Please use this identifier to cite or link to this item: http://hdl.handle.net/1893/26360
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dc.contributor.authorFaeth, Pia Charlotte-
dc.contributor.authorKittler, Markus-
dc.date.accessioned2017-12-23T23:35:40Z-
dc.date.available2017-12-23T23:35:40Z-
dc.date.issued2017-
dc.identifier.urihttp://hdl.handle.net/1893/26360-
dc.description.abstractPurpose  The purpose of this paper is to investigate the differing perceptions of fear of expatriates operating in terror-exposed Nairobi and the high-crime environment of Johannesburg and its impact on stress and well-being. It illustrates how expatriates cope with the challenges associated with these two regions.   Design/methodology/approach  Following an interpretative and inductive research approach, qualitative content analyses were conducted using evidence from in-depth interviews with 12 expatriates in senior management or officer positions within a large global organisation, with respondents based in South Africa and Kenya.  Findings  Data suggest that expatriates in the more terrorism-exposed context perceive fear less strongly than expatriates in environments categorised by high degrees of conventional crime. Fear seems to relate to physical well-being via restricted freedom of movement, but there is little evidence that fear affects mental well-being. The study finds that respondents in terror-exposed Nairobi tend to engage more in avoidance-oriented coping strategies, whereas their counterparts in the high-crime environment of Johannesburg predominantly rely on problem-focused coping.   Practical implications  The qualitative design allows practitioners to better understand expatriates’ perceptions of fear, its consequences for stress, and well-being and potential coping strategies expatriates employ. It discusses a set of practical recommendations focussing on the deployment of expatriates assigned to dangerous locations.   Originality/value  This study develops a distinction between terror and conventional crime and contributes with practical insights for assignments into dangerous work environments. The geographic lens of the study provides an in-depth look at expatriation challenges in an arguably neglected regional context.en_UK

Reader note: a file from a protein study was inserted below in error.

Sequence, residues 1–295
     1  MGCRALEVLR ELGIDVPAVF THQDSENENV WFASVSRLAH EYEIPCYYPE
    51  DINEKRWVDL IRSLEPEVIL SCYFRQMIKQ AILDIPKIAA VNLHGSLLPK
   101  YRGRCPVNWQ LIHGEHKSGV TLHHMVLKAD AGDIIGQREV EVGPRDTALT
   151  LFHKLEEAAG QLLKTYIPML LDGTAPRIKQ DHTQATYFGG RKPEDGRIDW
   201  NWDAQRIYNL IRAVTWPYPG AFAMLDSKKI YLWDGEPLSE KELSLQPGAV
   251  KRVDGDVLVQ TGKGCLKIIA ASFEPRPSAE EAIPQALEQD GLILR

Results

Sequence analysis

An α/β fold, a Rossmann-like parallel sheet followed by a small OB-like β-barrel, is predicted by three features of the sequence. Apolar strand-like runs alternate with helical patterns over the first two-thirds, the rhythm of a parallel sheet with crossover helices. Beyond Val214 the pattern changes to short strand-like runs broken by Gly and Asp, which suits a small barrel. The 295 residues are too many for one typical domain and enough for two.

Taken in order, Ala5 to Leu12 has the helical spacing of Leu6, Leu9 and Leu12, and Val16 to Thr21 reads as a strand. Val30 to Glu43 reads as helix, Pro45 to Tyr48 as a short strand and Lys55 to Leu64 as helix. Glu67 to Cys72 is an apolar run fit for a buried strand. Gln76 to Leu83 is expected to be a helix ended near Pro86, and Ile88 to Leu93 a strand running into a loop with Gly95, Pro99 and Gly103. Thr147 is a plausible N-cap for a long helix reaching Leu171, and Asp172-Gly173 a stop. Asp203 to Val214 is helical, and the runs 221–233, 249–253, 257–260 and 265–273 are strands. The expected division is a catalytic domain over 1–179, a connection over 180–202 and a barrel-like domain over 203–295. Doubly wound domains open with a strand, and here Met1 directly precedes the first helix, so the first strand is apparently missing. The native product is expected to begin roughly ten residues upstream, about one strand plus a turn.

dc.language.isoen-
dc.publisherEmerald-
dc.relationFaeth PC & Kittler M (2017) How do you fear? Examining expatriates' perception of danger and its consequences, Journal of Global Mobility, 5 (4), pp. 391-417.-
dc.rights© Copyright 2017 Emerald Publishing Limited. This is a pre-copyedited, author-produced PDF of an article accepted for publication in Journal of Global Mobility following peer review. The version of record, How do you fear? Examining expatriates’ perception of danger and its consequences, Pia Charlotte Faeth and Markus G. Kittler, Journal of Global Mobility: The Home of Expatriate Management Research 2017 5:4, 391-417, is available online at: https://doi.org/10.1108/JGM-11-2016-0063-
dc.subjectWell-beingen_UK
dc.subjectTerrorismen_UK
dc.subjectStressen_UK
dc.subjectCopingen_UK
dc.subjectFearen_UK
dc.subjectCrimeen_UK
dc.subjectExpatriate managementen_UK
dc.titleHow do you fear? Examining expatriates' perception of danger and its consequencesen_UK
dc.typeJournal Articleen_UK
dc.identifier.doihttp://dx.doi.org/10.1108/JGM-11-2016-0063-
dc.citation.jtitleJournal of Global Mobility-
dc.citation.issn2049-8799-
dc.citation.volume5-
dc.citation.issue4-
dc.citation.spage391-
dc.citation.epage417-
dc.citation.publicationstatusPublished-
dc.citation.peerreviewedRefereed-
dc.type.statusPost-print (author final draft post-refereeing)-
dc.citation.date11/12/2017-
dc.contributor.affiliationManagement Work and Organisation-
dc.contributor.affiliationManagement Work and Organisation-
dc.identifier.isi000416459900004-
Appears in Collections:Management, Work and Organisation Journal Articles

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